The Iron Mountain Review Vol. XXXII

Bremmer, Gregg, Piper, & Rose 39

Emory & Henry will bring in things and do things that no one else is doing in this region because they’re an educational institution. They’re going to look at the world differently, and they’re going to bring in stuff that we could never sell. They can bring them in because they have the resources and the abilities, and their faculty have connections. They’re going to do things that the region would never get to experience. That’s only to everybody’s benefit. Yes, it’s competition, but I don’t worry about that competition. I celebrate it and embrace it fully. BG: I think the larger competition is from other forms of entertainment and living near Asheville, North Carolina, where food, music, and alcohol are bigger entertainment sources. RR: I actually think the bigger issue, and I’m going to say it right here, is that colleges and media have turned to sports as the entire world of everything. They’ve associated school loyalty with the football teams or the basketball teams, depending on what your thing is. Sports have become the all-encompassing thing of American culture and media while professional performance arts events far surpass admissions to spectator sports. Yet key publications, such as The New York Times, spent more print on sports and less print on the arts than they did in past years. They’re down to a small core of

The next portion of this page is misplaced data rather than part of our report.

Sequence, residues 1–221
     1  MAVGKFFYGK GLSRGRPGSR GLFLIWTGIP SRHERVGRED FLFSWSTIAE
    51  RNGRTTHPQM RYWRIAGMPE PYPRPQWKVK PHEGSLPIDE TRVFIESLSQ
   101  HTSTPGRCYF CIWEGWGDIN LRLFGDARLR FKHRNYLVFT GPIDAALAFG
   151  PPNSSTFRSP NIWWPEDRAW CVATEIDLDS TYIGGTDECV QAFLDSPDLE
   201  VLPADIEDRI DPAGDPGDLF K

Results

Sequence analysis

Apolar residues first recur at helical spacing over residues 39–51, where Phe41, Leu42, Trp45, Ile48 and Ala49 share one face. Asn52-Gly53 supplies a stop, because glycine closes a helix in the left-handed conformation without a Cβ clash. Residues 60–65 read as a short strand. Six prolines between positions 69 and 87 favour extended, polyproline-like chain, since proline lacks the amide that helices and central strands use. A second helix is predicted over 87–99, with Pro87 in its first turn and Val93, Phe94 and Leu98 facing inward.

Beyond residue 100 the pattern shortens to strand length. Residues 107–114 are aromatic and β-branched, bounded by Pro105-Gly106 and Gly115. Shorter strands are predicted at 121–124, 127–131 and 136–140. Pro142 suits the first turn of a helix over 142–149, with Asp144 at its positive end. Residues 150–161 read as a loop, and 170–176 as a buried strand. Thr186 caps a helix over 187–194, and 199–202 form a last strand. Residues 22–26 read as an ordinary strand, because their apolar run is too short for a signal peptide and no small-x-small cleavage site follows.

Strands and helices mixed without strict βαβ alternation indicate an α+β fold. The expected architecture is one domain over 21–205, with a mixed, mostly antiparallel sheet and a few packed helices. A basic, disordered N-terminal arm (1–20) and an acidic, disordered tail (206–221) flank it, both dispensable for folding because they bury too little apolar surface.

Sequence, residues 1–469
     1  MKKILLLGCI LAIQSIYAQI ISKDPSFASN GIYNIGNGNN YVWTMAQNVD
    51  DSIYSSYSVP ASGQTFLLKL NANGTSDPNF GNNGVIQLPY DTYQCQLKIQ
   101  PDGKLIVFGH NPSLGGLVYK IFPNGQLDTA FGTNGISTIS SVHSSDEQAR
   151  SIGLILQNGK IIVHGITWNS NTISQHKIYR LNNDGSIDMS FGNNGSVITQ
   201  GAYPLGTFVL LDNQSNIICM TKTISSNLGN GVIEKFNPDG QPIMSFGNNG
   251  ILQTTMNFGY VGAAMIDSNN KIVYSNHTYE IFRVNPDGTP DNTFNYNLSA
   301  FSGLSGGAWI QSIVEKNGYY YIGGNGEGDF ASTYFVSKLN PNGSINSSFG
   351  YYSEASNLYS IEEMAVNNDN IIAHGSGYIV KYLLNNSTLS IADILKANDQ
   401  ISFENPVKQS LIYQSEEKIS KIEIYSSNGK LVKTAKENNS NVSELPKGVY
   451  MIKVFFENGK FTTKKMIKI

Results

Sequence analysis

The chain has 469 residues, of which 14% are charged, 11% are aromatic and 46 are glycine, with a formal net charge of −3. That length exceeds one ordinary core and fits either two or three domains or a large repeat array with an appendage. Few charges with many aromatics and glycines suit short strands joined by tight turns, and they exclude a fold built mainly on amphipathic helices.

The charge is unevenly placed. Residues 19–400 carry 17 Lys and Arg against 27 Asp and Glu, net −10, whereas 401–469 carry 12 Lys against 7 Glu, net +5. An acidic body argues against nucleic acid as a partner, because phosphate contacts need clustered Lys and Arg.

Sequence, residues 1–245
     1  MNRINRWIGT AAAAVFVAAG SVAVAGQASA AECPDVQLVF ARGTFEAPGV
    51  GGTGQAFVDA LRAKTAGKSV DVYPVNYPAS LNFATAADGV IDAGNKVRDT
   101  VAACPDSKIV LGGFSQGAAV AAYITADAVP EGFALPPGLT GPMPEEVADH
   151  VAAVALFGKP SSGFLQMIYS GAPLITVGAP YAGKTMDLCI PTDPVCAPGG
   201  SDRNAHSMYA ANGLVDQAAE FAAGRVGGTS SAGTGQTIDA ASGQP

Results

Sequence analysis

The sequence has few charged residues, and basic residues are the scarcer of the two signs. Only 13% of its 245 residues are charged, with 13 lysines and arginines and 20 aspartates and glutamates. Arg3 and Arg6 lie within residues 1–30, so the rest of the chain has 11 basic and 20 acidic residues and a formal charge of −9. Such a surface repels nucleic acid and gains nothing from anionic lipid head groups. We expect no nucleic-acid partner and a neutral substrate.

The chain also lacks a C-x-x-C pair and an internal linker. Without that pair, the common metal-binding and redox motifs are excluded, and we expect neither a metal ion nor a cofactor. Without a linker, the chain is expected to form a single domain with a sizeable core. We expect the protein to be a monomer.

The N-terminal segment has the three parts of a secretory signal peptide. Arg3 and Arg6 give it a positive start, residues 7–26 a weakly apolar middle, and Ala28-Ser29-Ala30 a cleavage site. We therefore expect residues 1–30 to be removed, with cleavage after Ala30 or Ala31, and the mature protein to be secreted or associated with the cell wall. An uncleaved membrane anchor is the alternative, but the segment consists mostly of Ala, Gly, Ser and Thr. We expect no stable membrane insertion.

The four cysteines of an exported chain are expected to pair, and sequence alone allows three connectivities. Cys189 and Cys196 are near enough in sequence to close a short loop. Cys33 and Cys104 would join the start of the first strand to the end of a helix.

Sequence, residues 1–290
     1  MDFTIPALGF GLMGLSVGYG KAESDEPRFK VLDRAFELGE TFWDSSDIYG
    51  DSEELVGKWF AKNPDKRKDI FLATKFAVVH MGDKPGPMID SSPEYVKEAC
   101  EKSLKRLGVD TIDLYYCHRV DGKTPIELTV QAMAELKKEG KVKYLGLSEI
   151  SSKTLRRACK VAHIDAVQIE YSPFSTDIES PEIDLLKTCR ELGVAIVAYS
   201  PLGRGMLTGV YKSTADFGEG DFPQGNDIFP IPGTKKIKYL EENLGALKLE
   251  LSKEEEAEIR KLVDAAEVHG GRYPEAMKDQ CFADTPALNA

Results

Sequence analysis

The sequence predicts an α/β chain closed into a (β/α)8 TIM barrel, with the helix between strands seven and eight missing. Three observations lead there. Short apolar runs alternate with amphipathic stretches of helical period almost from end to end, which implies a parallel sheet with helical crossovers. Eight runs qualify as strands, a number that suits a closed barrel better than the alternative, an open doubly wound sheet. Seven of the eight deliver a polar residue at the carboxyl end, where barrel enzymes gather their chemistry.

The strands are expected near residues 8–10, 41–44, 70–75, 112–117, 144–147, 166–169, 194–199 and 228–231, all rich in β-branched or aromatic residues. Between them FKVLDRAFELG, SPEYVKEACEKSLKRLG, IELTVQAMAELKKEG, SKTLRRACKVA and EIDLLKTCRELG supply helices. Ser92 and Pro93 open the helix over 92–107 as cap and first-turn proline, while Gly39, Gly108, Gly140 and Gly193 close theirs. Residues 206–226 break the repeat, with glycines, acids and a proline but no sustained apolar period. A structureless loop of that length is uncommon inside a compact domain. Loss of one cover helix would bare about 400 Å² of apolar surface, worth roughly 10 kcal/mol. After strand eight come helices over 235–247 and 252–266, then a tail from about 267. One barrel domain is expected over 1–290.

arts reviewers and writers. Why is that? Because Boomer men read the papers and Boomer men don’t give a crap about performing arts events. Even though they go, they don’t think of it as an economic driver. Sports have encompassed the United States now. Audience Member: You haven’t seen NASCAR as a way to tap into a new audience? All three: We tried! RR: We actually advertised to the NASCAR audiences, but it’s not that they’re different. It’s just that a large percentage of the NASCAR’s audience is just not likely to come to the theatre. Nonetheless, we do see it as a viable source. One of the things we’re doing is connecting with the outdoor culture of our area. There’s been a big push in Abingdon for the Creeper Trail and toward the Creeper Trail because hiking and outdoor biking and all that kind of stuff is very prevalent in culture now. We thought, “Ooh, is that going to be a bad tourist sector for us?” But as the director of the Chamber of Commerce in Abingdon put it, “The Barter patrons don’t Creep, but the Creeper patrons do Barter.” We found it to be a very good market for us.

Made with FlippingBook flipbook maker